Thank you to Mariangela Pira who, on Sky TG24 Business, is helping to shed light on the insurance protection gap and insurance protection against collective biometric risks. This comes at a time when, due to COVID-19, we are rethinking how we protect workers and their families.
It costs EUR 11 a month to soften the financial blow to the family of a worker with a critical illness or permanent disability. Yet according to the research conducted by Prometeia in collaboration with elipsLife, Italy’s insurance protection gap – in other words, the total uninsured amount for death by all causes – is calculated to be EUR 8,200 billion, with just 3% of Italian families protected from these risks.
Some points to consider:
1) The insurance protection offered by first pillar public systems against biometric risks (early death, disability) is low. The public system must guarantee a minimum level of protection based on a system of mutual solidarity. In Italy, it is the same as everywhere.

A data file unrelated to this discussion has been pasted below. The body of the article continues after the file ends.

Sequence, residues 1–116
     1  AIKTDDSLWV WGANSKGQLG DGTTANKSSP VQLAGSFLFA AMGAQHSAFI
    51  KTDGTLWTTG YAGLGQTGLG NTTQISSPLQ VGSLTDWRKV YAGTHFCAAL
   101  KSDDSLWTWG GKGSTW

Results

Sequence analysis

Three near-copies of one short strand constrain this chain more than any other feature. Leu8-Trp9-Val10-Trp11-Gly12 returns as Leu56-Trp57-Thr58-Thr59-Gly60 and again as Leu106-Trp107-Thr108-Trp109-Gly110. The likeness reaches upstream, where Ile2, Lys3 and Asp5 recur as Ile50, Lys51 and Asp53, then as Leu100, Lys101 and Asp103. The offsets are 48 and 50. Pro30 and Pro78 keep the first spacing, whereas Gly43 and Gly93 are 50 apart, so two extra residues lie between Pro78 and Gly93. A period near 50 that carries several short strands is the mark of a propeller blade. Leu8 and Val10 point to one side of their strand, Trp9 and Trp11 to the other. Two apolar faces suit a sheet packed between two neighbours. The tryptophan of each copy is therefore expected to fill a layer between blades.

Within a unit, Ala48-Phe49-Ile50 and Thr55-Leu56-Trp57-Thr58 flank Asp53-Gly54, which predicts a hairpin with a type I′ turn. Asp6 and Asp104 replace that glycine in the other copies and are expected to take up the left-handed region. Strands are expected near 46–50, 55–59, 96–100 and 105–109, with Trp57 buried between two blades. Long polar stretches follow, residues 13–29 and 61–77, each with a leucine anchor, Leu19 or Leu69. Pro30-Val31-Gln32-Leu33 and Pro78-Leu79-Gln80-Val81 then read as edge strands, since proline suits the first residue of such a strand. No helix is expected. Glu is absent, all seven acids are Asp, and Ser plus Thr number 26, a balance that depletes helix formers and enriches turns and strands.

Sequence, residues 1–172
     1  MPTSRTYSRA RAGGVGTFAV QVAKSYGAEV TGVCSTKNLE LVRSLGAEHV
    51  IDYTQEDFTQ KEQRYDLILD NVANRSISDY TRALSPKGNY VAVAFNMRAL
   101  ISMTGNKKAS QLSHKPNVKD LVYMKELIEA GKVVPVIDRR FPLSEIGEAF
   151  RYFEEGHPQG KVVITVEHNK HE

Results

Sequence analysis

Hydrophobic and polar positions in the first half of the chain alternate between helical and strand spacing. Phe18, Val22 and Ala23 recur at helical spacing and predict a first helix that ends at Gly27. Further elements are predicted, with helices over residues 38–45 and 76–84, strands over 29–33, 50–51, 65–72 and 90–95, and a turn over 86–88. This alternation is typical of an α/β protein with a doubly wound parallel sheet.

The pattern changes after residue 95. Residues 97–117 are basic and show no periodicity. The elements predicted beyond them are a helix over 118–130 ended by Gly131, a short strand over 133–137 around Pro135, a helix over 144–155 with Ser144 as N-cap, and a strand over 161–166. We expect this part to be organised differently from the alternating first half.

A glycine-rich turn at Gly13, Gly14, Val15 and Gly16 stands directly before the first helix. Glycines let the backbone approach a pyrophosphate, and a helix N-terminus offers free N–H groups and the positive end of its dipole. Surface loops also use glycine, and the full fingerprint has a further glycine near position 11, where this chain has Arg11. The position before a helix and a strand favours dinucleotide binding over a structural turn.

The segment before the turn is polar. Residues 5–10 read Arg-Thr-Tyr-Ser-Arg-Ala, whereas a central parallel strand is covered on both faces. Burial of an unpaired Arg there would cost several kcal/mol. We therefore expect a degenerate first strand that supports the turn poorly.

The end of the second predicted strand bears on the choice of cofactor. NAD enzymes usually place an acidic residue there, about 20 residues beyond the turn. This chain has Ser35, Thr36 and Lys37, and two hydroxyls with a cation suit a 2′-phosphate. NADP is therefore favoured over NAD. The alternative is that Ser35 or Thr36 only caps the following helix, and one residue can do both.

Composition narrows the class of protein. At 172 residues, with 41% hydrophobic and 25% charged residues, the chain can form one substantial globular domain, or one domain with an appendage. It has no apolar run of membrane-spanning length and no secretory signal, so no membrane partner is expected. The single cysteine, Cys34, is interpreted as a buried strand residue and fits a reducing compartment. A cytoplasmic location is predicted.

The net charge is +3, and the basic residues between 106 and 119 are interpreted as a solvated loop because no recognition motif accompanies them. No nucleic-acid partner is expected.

2) Italy differs greatly from other European countries in terms of the protection offered against biometric risks via supplementary second pillar systems (pension funds) and pure risk policies which are obligatory, or at any rate very widespread, in many European countries.
3) In other countries, the income gap for a family hit by serious misfortune is far less pronounced. Indeed, it is practically compulsory for pension funds to provide pure risk models, meaning that the family of a young worker is able to receive not just the contributions paid, but also the life insurance irrespective of the years of contributions.
4) On the other hand, the insurance gap in Italy remains significant. Young families with only a few years of contributions remain the most exposed. Just imagine the difficulties that a destitute widow or minors face. All children who are unable to study will also become victims of an educational inequality that could be mitigated, if only there were second pillar models to provide coverage in the event of death.
Coming soon: the second instalment of the research conducted by Prometeia in collaboration with elipsLife on the insurance protection gap with a direct comparison between Italy and some of the key realities in other European countries.